Of course, there’s more to a graphics card than raw performance. Let’s have a look at other aspects of these products, starting with power draw.
What we’ve done is measure total system power at the wall with a single GeForce 8400 GS installed at idle and we've used the 210 W result as a baseline. We then measured idle power and load power with these cards using only a graphics-intensive load, specifically the Sanctuary demo from Unigine. This engine places extremely taxing demands on the graphics system.
It’s interesting how the Asus 4850 Matrix draws the least power at stock clocks and the most power when overclocked. This is due to the large voltage increase afforded by Asus’ iTracker software when set to higher speeds. Note that the modded Asus card still has a very low power draw at idle, thanks to the 2D setting of the iTracker profile, allowing us to draw even less power with the stock settings when 2D clocks are set low despite the high 3D overclock.
Contrast these results with the Gigabyte GV-N250ZL-1GI, which draws more power than the Asus EAH4850 Matrix at stock speeds, but draws less when both are overclocked. Remember, there is no voltage adjustment on the Gigabyte card, ensuring that even when overclocked there will not be the colossal power increase we see with the Asus product.
With this in mind, let’s have a look at the GPU temperatures:
Here we see results reminiscent of the power draw, but for different reasons. Notice how the Asus Radeon 4850 Matrix is much hotter than the Gigabyte GeForce GTS 250, as the Radeon HD 4850 is known to be a hot-running GPU. Although Asus’ impressive heatpipe cooler keeps it in check, things still get hot when the card is overclocked and voltage is added.
Conversely, we see that the Gigabyte card barely registers a temperature change when overclocked under load compared to the stock clocks. Idle temperature is much higher on the overclocked Gigabyte card.
Finally, let’s have a look at noise. Unfortunately, our test system is rather loud in this case and these cards are so quiet that it was difficult to get meaningful data. In the future we’re going to use a different noise-testing methodology, but for now let’s consider what we have.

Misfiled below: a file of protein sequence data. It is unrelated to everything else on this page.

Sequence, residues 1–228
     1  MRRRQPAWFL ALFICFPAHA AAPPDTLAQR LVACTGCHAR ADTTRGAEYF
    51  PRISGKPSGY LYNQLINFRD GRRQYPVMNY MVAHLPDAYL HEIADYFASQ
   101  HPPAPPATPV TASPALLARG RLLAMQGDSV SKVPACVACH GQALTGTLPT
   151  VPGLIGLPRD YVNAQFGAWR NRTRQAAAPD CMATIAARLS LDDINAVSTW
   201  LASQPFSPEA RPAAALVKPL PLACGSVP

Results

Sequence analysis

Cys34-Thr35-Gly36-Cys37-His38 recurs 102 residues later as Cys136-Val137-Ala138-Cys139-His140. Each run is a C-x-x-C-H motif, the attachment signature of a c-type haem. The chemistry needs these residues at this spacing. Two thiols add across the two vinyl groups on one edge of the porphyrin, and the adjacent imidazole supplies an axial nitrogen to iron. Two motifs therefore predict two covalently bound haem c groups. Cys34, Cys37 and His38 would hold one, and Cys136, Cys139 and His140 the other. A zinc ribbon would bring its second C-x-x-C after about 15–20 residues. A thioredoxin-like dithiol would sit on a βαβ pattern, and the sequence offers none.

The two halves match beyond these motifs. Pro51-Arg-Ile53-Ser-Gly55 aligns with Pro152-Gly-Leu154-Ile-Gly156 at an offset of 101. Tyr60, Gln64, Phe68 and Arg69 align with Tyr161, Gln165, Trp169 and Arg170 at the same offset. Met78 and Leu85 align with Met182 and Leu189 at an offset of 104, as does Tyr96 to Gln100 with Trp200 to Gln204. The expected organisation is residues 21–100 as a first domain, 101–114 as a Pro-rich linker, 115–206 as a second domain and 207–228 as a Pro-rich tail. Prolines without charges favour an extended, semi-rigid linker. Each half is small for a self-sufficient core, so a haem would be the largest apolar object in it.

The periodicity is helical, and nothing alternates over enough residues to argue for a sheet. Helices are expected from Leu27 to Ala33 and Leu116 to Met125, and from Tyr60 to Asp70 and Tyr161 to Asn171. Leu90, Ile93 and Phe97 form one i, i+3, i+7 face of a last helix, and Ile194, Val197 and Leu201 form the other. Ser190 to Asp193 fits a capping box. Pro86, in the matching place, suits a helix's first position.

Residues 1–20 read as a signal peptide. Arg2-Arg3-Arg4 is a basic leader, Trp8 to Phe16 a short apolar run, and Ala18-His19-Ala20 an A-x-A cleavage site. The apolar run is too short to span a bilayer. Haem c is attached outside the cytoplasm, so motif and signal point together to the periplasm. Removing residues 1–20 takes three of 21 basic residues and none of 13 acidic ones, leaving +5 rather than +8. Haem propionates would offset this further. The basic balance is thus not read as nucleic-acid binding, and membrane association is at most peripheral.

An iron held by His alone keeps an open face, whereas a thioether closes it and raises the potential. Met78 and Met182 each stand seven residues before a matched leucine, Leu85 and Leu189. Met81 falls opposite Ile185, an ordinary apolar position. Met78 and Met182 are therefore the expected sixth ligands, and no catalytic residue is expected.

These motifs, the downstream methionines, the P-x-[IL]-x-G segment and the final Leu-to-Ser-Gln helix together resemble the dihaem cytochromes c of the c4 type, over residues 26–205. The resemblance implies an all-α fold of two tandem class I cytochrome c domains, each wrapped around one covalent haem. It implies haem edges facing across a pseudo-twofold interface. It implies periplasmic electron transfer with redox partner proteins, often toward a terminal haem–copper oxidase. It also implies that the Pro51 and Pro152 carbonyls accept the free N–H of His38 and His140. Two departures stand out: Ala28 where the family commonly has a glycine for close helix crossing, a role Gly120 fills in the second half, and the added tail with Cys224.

The Asus EAH4850 MT has a passive mode, so it’s completely silent at idle. The 55 decibels you’re seeing there is the ambient noise from the system as we had to test the sound close to the cards to get any reading at all. Under normal operation the card is extremely quiet, but as you can see under the extreme overclock and increased voltage mode, we set the fan speed high to keep the temperatures down.
The Gigabyte GV-N250ZL-1GI, on the other hand, remained acceptably quiet across the board. It did produce a little more noise in 2D windows applications since it doesn't have a passive mode, but it’s still a very quiet card.
- The Asus EAH4850 MT: MT Stands For Matrix
- The Asus EAH4850 MT: Software
- The Gigabyte GV-N250ZL-1GI: ZL Stands For Zalman
- The Gigabyte GV-N250ZL-1GI: Software And Cooling
- Overclocking The Asus EAH 4850 Matrix Using iTracker
- Overclocking the GV-N250ZL-1GI Using Gigabyte’s Gamer HUD Lite
- Test System Setup And Benchmarks
- Synthetic Benchmarks: 3DMark Vantage
- Game Benchmarks: Crysis
- Game Benchmarks: Left 4 Dead
- Game Benchmarks: Fallout 3
- Game Benchmarks: World in Conflict
- Game Benchmarks: Burnout Paradise: The Ultimate Box
- Power, Temperature, And Noise Benchmarks